Color Stories: Deer November

I love this time of year. The mornings are frosty and the air is sharp and dry. The bright fall colors are starting to fade into dusky lavenders, dove grays, and the color of toast.  

Where I grew up on the western edge of Iowa, we would wake up in the mornings and see fresh deer tracks running across our front yard. Sometimes, we would see their sleeping impressions in a protected corner of the yard. We lived in the city but near the Loess Hills preserve, so even though this happened often, I always thought it was special because it was real "wildlife". Even now, I'm still awed at the sight of a deer standing still in the woods.

Sometimes on weekends I would go traipsing through the Loess Hills, looking for a good climbing tree or scouting for more signs of wildlife. Although I usually found no more than some wild hares and hoof prints, I always loved these solitary walks and they satisfied my younger self's desire for adventuring.

The adult me would like to tell the younger me to keep on adventuring, but to wear a good hat! 

waverly 5.jpg

This is the Waverly hat by our own Kate Gagnon Osborn. It's a perfectly quick fall project that only takes one skein of Terra in the new 100 gram put-up. Knit one up for yourself and go take a walk and enjoy this beautiful time of the year.

Make your own fall adventuring hat and tag it with #madewiththefibreco and #madewithkelbournewoolens so we can see it! Happy trails! -MLK

Knitter Projects: Keswick Cardigan

Janet (aka Loden) recently knit a Keswick Cardigan out of the Fibre Co. Cumbria in Catbells and the end result is stunning! 

KEswick by Kate Gagnon Osborn knit by Janet in Cumbria
Keswick by Kate Gagnon Osborn knit by Janet in Cumbria

We met Janet at the Make. Wear. Love. retreat hosted by Amy Herzog and are so impressed with how quickly she finished her Keswick and how well it fits! The pumpkin orange looks amazing on her, and is a perfect color for fall. 

Gorgeous work, Janet!

Have you made something using a Kelbourne Woolens pattern or The Fibre Co. yarns? We'd love to see it! Share with us via the hashtags #madewiththefibreco or #madewithkelbournewoolens - KGO

New Products: KW Notions

We recently received a shipment of new notions, including two newly designed knit checks and a keychain gauge check.

L to R: Keychain Knitcheck, Knitcheck, Keychain Needle Check, Ruler + Needle Gauge

If you're looking for a perfect small gift, stocking stuffer, or a treat for yourself, we also have a Crafters Supply Pack filled with all your knitting or crocheting needs! 

All four notions and the Crafters Supply Pack are in our online shop and a LYS near you!

Tips and Tricks: Joining a Folded Brim

One of the items I love knitting most are hats, and the folded brim is a technique I use often (seen on HenriettaGretelBismark, and most recently Seathwaite).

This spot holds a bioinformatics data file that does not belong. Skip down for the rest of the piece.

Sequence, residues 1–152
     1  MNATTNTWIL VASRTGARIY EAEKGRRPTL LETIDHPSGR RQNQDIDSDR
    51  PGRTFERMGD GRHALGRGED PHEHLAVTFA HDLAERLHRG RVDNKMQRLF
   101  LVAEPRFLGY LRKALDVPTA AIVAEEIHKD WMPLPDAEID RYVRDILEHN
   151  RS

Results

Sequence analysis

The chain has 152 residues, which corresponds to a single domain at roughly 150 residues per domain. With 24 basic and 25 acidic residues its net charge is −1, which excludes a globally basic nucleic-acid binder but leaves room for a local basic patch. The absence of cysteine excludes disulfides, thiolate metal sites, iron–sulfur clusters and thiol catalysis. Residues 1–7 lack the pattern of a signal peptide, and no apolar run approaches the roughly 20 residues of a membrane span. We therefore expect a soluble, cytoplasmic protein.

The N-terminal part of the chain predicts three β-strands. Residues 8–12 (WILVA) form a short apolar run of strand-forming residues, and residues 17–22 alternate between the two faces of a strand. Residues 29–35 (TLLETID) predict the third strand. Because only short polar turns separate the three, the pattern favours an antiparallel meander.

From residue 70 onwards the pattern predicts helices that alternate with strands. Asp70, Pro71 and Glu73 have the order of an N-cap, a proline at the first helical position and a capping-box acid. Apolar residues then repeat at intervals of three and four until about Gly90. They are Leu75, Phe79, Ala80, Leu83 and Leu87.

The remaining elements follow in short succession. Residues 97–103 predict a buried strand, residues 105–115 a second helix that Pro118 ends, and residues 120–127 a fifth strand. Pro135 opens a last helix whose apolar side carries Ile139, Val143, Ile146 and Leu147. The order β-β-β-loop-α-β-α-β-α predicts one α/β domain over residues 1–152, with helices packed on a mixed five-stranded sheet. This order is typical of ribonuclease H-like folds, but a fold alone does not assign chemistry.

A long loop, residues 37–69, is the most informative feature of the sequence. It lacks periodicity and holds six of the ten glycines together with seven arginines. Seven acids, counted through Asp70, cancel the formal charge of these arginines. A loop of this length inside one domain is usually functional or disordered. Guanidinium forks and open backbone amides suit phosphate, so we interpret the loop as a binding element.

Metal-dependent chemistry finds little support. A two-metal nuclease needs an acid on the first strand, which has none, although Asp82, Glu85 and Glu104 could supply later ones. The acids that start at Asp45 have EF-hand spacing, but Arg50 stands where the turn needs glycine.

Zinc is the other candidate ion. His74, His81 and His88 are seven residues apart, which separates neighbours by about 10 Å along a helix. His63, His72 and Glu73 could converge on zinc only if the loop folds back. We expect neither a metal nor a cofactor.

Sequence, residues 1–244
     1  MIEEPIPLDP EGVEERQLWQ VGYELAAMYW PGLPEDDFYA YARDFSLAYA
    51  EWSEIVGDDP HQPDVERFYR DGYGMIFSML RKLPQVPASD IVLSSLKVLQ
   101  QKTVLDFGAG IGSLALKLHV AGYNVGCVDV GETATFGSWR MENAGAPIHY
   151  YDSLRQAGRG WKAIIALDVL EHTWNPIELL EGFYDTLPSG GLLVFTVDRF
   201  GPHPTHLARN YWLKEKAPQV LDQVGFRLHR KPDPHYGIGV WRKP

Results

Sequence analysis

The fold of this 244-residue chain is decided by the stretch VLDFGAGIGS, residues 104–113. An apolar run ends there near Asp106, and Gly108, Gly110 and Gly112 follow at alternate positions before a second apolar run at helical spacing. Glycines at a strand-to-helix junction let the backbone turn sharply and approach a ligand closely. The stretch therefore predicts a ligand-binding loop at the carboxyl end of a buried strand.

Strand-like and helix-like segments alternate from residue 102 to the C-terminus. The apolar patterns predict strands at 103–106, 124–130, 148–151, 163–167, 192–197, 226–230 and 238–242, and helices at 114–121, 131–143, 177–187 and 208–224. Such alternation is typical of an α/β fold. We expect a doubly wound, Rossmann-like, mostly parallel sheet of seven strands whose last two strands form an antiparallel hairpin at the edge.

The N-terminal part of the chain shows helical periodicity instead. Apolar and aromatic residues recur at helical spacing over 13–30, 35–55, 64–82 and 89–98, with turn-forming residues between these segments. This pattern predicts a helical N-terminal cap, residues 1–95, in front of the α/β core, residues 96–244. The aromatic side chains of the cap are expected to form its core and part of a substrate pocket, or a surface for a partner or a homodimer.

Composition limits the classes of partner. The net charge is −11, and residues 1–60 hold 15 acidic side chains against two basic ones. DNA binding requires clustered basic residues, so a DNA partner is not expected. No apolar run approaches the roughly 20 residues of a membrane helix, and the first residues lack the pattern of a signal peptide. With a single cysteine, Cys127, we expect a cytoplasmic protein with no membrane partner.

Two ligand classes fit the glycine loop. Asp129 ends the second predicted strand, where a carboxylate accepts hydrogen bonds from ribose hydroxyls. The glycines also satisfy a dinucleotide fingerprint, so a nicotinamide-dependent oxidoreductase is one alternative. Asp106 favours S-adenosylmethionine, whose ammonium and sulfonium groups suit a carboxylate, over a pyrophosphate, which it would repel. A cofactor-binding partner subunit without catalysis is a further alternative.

When you begin with a provisional cast-on - I prefer and exclusively use the crochet provisional cast on, detailed in Tips + Tricks here - and join the cast on and live stitches, the end result is a seamless folded brim that is warm and strong and requires no additional finishing save for weaving in ends. 

In addition to your in-progress knitting, you will also need:
• A single double pointed needle or circular needle of the same size or one smaller than the needle you are working with.

KW Tips + Tricks: Folded Brim

STEP 1 / Unclip your stitch marker and transfer the provisionally cast on stitches to your spare circular needle or dpn. If using a dpn, you will only transfer a few stitches at a time, as I have done above. 

KW Tips + Tricks: Folded Brim

STEP 2 / Fold the work half so that the wrong sides of the brim are facing. Position the spare needle and working needle together on the left hand side. 

KW Tips + Tricks: Folded Brim

STEP 3a / Holding the left hand (front needle) and spare (back needle) together, using the same technique as you would in a three-needle bind off, and working the stitches as they appear on the RS of your knitting, work the first stitch on the front needle and first stitch on back needle together as one. In the brim above, my ribbing began with a k2, so I am working the first stitches as a knit.

KW Tips + Tricks: Folded Brim

STEP 3b / First stitch completed.

KW Tips + Tricks: Folded Brim

STEP 4 / Repeat Step 3 for the second stitch.

Continue in this manner, working around the full circumference of the hat. If your folded brim is ribbed, you will notice the stitches are off by one half of a stitch on the inside of the brim. This is normal, and due to the nature of joining two pieces of opposing fabric. As long as you make sure to always work 1 stitch on the front with one stitch on the back, you will end up with no extra stitches at the end. 

KW Tips + Tricks: Folded Brim

If you are using a dpn for your spare (back needle), as you work around, you will need to unzip the provisional cast on stitches in order to place more live stitches on the needle.

KW Tips + Tricks: Folded Brim

Once complete, all of the provisional stitches will have been worked with the live stitches on your needle. The original end from picking up the provisionally cast on stitches will be situated at the round where the stitches have been joined, and your needles and working yarn is in position to work another round.

Baa-ble Hat in The Fibre Co. Cumbria

Since I Already have my sample Seathwaite, I'm using the folded brim I worked for the tutorial to make a Baa-ble Hat. It is such a fun, quick knit, and I plan on finishing in the next few days. - KGO